Okay I'm really confused, in my book it says "regardless of how the market (whether it is owned by a monopoly or many different firms in a competitive market) is organised, the demand curve that the sellers face is the same".

So I interpret this as:

Say there are many hairdressers in Melbourne, then in a competitive market, no sellers can influence the price, the supply curve will slope upwards and demand curve will slope downwards and the competitive market will reach competitive equilibrium.

However for a market owned by a monopolist, then the demand curve shouldn't change (as my book says) because the monopolist still faces the same consumers out there, but since they are the only firm (using my previous example, hairdresses), then they can set the price to whatever they want as long as they earn economic profit. [This price would occur at the intersection of the marginal revenue and marginal cost curve.]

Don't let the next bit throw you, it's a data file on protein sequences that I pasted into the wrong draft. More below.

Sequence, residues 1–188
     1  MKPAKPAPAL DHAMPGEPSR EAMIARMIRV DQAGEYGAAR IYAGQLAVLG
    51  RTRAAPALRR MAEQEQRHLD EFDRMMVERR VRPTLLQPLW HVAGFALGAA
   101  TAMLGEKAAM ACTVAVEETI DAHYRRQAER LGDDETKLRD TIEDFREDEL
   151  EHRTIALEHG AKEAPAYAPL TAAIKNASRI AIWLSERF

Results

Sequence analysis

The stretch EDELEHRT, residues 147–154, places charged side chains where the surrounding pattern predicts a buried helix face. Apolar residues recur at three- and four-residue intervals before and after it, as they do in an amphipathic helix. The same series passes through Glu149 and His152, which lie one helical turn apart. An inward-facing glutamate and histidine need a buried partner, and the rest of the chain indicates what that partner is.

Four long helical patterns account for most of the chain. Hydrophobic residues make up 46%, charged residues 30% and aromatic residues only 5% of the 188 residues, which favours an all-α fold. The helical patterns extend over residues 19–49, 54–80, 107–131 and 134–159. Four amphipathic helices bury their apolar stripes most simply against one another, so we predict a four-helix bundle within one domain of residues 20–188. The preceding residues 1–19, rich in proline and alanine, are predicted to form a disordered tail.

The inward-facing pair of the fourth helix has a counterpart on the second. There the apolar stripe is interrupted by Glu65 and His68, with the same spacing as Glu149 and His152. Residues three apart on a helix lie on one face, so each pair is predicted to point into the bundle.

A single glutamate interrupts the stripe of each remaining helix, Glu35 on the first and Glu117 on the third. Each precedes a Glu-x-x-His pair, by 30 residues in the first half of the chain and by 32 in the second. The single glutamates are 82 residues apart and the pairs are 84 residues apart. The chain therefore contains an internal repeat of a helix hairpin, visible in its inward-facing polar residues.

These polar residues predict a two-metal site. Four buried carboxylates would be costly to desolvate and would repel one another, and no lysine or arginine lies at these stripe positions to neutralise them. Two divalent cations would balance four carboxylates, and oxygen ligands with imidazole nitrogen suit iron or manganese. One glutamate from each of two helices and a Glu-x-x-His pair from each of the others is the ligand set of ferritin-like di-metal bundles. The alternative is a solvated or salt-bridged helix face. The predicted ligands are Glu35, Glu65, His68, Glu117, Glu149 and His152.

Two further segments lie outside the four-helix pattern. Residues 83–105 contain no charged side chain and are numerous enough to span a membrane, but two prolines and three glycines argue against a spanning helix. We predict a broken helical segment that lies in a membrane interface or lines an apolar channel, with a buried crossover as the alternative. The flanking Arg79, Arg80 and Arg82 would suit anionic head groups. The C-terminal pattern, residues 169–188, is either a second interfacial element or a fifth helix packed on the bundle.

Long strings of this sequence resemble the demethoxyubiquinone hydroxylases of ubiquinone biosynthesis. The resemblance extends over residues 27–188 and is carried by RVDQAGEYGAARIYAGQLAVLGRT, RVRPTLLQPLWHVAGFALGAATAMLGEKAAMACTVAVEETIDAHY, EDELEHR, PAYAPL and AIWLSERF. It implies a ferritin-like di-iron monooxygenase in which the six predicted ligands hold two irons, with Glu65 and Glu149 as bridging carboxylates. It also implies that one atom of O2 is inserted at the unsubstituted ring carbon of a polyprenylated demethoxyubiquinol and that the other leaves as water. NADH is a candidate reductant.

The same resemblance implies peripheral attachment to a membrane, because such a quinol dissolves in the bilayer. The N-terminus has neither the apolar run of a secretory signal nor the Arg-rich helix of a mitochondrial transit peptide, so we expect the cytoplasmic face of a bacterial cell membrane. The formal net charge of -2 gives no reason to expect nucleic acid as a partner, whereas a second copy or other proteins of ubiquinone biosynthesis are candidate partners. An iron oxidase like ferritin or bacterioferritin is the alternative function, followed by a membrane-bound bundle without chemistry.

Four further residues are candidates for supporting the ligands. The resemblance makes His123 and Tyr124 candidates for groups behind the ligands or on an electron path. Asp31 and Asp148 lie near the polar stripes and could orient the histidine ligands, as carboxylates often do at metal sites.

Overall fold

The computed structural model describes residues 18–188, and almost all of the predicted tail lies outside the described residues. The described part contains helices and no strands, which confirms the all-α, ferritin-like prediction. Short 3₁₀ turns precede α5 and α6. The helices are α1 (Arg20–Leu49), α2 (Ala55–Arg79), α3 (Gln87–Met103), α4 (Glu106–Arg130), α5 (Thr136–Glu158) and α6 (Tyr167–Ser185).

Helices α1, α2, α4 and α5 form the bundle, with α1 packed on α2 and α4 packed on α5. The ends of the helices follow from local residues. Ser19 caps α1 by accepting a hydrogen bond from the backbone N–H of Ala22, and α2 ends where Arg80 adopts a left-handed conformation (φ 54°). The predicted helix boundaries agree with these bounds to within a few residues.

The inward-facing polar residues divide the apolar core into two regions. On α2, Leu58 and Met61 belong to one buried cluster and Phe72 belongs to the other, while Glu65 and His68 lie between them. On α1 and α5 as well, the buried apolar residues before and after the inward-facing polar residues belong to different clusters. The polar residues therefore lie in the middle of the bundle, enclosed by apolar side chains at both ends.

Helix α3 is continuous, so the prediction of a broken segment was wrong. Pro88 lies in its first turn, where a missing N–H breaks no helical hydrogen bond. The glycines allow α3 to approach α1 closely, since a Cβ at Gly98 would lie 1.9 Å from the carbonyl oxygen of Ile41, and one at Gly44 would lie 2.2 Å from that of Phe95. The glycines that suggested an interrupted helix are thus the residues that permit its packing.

However my lecturer just said "a competitive seller in the competitive market faces a perfectly elastic demand curve"


Doesn't my book say the demand curve doesn't change?
Why would the seller face a perfectly elastic demand curve? Shouldn't the seller still face the entire consumer demand? (all the consumers out there), so the demand should still be downward sloping?

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1 Answer

A perfectly competitive market has other firms that serve the demand. Hence, a competitive firm doesn't serve the entire market (the original market demand curve), but serves a smaller segment of the market. As this segment of the market can access perfect substitutes (another firm selling another good), therefore the curve is perfectly elastic.

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